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Building Materials—Industry Trends

The building materials sector is extremely diverse and constitutes a sizable chunk of the industrial base of developed countries. It includes a highly diverse range of suppliers, from cement manufacturers (an area that is under tremendous pressure to both innovate and to “green up”) to specialty glass and steel manufacturers, as well as providing a large market for white goods manufacturers, furniture manufacturers, paint and wiring manufacturers, and a host of other related industries.

One of the biggest boosts for the building materials sector is the seemingly endless raising of the bar by various national planning departments on “green” building. According a report on, which cites a research report from Navigant Research, the worldwide market for green construction materials will grow from US$116 billion in 2013 to in excess of US$254 billion by 2020. Europe, with its emphasis on reducing emissions, will probably be the largest regional market, accounting for around 50% of global demand for green building products by 2020. TechNavio produced a report, “Global green building material market 2012–2016,” in which it forecast demand growth globally to be around 17.9% compound annual growth rate.

According to one of the leading green building and sustainability consultants, Jerry Yudelson, who publishes an annual “Top 10 megatrends” for the global green building industry, 2014 will see green building growing strongly in the United States. “Green building is the tsunami of the future that will inundate the entire real estate industry,” he says. More and more commercial buildings will be aiming to be zero net energy buildings, and Yudelson expects to see a sharp pickup in the trend to retrofit green design into existing buildings.

Another growth area is concrete production from recycled materials, such as power station ash, according to a report by the Freedonia Group. Wood from proven, sustainable forests is another area that is set to boom, as are water-efficient plumbing fixtures and energy-efficient lighting fixtures, both of which should see double-digit growth, according to a Green Building Materials report by market analysts, the Freedonia Group.

In the residential homes sector, construction companies are often pulled and pushed in two opposing directions simultaneously by regulations when it comes to innovations in building materials. On the one hand, anything that helps to “green” a home by improving its thermal efficiency, or lowering its energy consumption, is regarded as good. On the other hand, local planning offices tend to be very prescriptive on the kinds of materials that are regarded as suitable, and it can be an uphill struggle for new materials to gain acceptance.

There are ways around this. Australia, for example, has a Building Products Innovation Council, whose job it is to promote the most efficient and innovative use of building products across the sector, while seeing to it that construction companies adhere to a consistent regulatory framework for building. The council includes senior representation from across the spectrum of the building materials and products side of the building industry, which ensures that the council stays abreast of new product innovations.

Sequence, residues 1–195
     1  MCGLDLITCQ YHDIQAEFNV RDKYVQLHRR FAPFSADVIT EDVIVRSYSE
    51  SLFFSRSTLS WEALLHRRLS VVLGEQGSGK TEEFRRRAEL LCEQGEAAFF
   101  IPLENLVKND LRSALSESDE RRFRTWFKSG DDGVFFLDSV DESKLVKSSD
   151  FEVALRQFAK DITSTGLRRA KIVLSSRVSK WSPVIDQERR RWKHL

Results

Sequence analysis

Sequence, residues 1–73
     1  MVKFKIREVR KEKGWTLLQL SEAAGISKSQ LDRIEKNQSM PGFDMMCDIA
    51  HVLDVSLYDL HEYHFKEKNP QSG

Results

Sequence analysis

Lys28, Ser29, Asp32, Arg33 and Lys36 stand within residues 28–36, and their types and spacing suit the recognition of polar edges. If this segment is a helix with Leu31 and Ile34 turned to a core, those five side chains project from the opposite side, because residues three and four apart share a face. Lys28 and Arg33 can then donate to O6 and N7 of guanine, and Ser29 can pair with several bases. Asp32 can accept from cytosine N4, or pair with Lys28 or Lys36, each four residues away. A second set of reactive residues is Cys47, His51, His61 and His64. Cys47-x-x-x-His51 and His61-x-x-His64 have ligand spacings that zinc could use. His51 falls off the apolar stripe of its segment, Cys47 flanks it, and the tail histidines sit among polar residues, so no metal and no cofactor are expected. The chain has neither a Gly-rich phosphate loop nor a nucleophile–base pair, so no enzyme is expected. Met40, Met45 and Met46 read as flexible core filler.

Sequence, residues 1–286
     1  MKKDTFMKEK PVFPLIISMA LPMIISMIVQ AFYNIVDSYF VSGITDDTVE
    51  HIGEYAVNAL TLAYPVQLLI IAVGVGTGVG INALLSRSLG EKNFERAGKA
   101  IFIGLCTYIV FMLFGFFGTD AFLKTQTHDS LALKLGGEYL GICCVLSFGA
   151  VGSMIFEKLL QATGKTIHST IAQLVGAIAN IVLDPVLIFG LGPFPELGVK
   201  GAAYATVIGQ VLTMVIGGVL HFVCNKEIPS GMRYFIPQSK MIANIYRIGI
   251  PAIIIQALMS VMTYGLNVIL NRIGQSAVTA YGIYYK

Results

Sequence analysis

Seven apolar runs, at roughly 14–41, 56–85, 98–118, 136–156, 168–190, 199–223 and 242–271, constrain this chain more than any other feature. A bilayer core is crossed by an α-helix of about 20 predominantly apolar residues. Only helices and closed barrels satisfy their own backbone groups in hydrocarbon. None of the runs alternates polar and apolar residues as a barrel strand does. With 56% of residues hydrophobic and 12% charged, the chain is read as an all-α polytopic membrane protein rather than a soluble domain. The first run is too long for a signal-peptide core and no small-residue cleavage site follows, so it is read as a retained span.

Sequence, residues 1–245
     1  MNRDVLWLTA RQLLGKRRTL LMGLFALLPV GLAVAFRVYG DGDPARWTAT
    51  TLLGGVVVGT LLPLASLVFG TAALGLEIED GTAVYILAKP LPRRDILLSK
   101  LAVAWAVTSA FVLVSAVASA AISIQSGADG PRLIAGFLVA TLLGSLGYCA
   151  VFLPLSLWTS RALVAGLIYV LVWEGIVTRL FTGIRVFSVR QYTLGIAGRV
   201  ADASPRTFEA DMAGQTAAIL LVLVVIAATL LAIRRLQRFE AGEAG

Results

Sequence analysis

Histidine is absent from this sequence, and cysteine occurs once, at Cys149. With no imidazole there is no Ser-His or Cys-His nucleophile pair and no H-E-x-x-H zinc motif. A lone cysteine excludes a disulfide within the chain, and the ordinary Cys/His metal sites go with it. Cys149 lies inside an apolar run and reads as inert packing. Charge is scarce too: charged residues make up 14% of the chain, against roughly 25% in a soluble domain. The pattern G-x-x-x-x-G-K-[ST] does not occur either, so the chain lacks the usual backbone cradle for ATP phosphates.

The construction sector is, in many ways, both an ideal test bed for scientific innovation and a powerful economic driver of innovation; successful products can be taken up in enormous quantities on a worldwide scale. The range of innovation opportunities is as broad as the designer’s imagination. One company that specializes in building product innovation, DuPont, has products on offer that range from new materials to construct “storm rooms” to keep families safe in high-risk tornado and hurricane areas, to kitchen countertops, such as its Zodiaq range, which incorporates quartz crystal to create an exceptionally durable and scratch-resistant surface. Many innovations address thermal loss from homes to make them more energy-efficient. Phase-change materials, for example, release or absorb large quantities of heat when changing state from one phase to the other. Companies such as BASF and Ciba, which specialize in surface coatings, have come up with microencapsulation waxes that enable glass manufacturers to incorporate phase-change materials into window construction (see, for example, esBITS from PCM Innovations).

Innovation need not be limited to new building materials; it can also be innovation in the way standard materials are used. The German Passivhaus standard (see is a low-energy house built around a set of principles applied to building design. There are some 15,000 Passivhaus builds in the world, and the design principle is promoted by the Passivhaus Institute in Germany. The core is a super-insulated, airtight envelope boosted by the use of glass to promote solar gain, and the result cuts heating requirements by up to 85%.

Home and buildings designers and planners have to think about both materials and the building regulations that are likely to appear in a world dominated by calls for action to cut carbon emissions. Current building requirements are likely to be amended further, almost year on year, to minimize the impact of the built environment on the planet, which means cutting emissions and energy usage. We are at the dawn of “smart” buildings, which react both to energy usage and to the needs of occupants, but many leading architects and designers are already thinking about zero-emissions buildings, or massively taller buildings, or buildings that are themselves virtual “cities”—all concepts that will provide fertile ground for innovation in building materials.

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